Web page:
Shares of the faux-meat maker jumped nearly 2% Thursday, as investors shrugged off news that Tyson is launching its own line of plant-based protein products. Its chicken-free nuggets and burger patties made with a combination of beef and plants will hit store shelves later this year.
Since going public in early May, Beyond’s stock has soared nearly 470%, giving the profitless company a market value of about $8.5 billion.
“[Plant-based protein] is the future of food,” says Keith Fitz-Gerald, chief investment strategist at Money Map Press.
“Beyond Meat is a very important stock in the history of where we’re going to go as the next billion people come on to the planet,” Fitz-Gerald said on Yahoo Finance’s “The First Trade.”
Still, Fitz-Gerald wouldn’t invest in Beyond Meat right now. He suggests waiting “at least a few quarters” for the company to prove its worthiness to investors.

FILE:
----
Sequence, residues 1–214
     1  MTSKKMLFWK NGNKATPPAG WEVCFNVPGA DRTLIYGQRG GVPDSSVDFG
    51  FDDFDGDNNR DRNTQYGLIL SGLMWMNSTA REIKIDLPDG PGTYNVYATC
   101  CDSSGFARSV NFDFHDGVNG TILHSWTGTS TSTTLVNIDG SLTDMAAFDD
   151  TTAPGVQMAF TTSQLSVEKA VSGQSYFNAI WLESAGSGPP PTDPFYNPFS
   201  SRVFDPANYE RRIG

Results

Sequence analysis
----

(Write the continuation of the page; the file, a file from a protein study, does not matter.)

‘Greed is alive and well’
“The Beyond Meat IPO tells me that greed is alive and well,” Fitz-Gerald said.“I don’t place a lot of faith in companies that aren’t making money.”
He said there’s currently more downside risk than upside potential for the stock. “Beyond Meat is up 400% to 500%, which is way beyond where it should have been in the first place if you apply conventional thinking to it,” he said. “But this isn’t a conventional market. So a 25%, 30%, 40%, 50% [selloff] is all possible.”
Not one Wall Street analyst rates Beyond Meat a “buy,” which is unusual for a freshly-minted stock market newbie. JPMorgan Chase and Bernstein each downgraded the stock this week on concerns about its high valuation.
The plant-based protein market is expected to balloon to $12 billion by 2028, according to NYU Stern School of Business Professor Aswath Damodaran.
He said Beyond Meat can capture up to 20% of that market, despite competition from bigger companies including Tyson and Nestle (NESN-SW), which will launch its own plant-based burger this fall.
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